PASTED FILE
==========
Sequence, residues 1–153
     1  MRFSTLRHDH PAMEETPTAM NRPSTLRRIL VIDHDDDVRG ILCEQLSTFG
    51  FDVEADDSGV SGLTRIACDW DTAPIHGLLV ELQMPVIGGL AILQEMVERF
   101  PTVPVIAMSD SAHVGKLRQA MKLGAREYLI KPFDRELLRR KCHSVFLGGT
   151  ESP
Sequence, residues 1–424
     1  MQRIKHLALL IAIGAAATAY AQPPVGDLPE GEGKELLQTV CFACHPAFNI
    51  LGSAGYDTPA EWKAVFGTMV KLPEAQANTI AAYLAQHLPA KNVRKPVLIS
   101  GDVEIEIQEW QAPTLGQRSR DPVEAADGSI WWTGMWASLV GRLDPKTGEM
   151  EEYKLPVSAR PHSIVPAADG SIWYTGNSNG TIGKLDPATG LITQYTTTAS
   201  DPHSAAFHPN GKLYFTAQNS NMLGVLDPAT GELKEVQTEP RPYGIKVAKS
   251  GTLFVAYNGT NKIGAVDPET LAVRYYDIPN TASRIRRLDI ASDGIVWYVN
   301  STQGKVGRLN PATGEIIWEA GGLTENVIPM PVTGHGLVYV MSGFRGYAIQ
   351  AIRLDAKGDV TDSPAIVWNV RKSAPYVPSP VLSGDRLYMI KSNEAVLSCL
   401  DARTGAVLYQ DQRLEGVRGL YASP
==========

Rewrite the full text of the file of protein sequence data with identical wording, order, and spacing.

Sequence, residues 1–153
     1  MRFSTLRHDH PAMEETPTAM NRPSTLRRIL VIDHDDDVRG ILCEQLSTFG
    51  FDVEADDSGV SGLTRIACDW DTAPIHGLLV ELQMPVIGGL AILQEMVERF
   101  PTVPVIAMSD SAHVGKLRQA MKLGAREYLI KPFDRELLRR KCHSVFLGGT
   151  ESP
Sequence, residues 1–424
     1  MQRIKHLALL IAIGAAATAY AQPPVGDLPE GEGKELLQTV CFACHPAFNI
    51  LGSAGYDTPA EWKAVFGTMV KLPEAQANTI AAYLAQHLPA KNVRKPVLIS
   101  GDVEIEIQEW QAPTLGQRSR DPVEAADGSI WWTGMWASLV GRLDPKTGEM
   151  EEYKLPVSAR PHSIVPAADG SIWYTGNSNG TIGKLDPATG LITQYTTTAS
   201  DPHSAAFHPN GKLYFTAQNS NMLGVLDPAT GELKEVQTEP RPYGIKVAKS
   251  GTLFVAYNGT NKIGAVDPET LAVRYYDIPN TASRIRRLDI ASDGIVWYVN
   301  STQGKVGRLN PATGEIIWEA GGLTENVIPM PVTGHGLVYV MSGFRGYAIQ
   351  AIRLDAKGDV TDSPAIVWNV RKSAPYVPSP VLSGDRLYMI KSNEAVLSCL
   401  DARTGAVLYQ DQRLEGVRGL YASP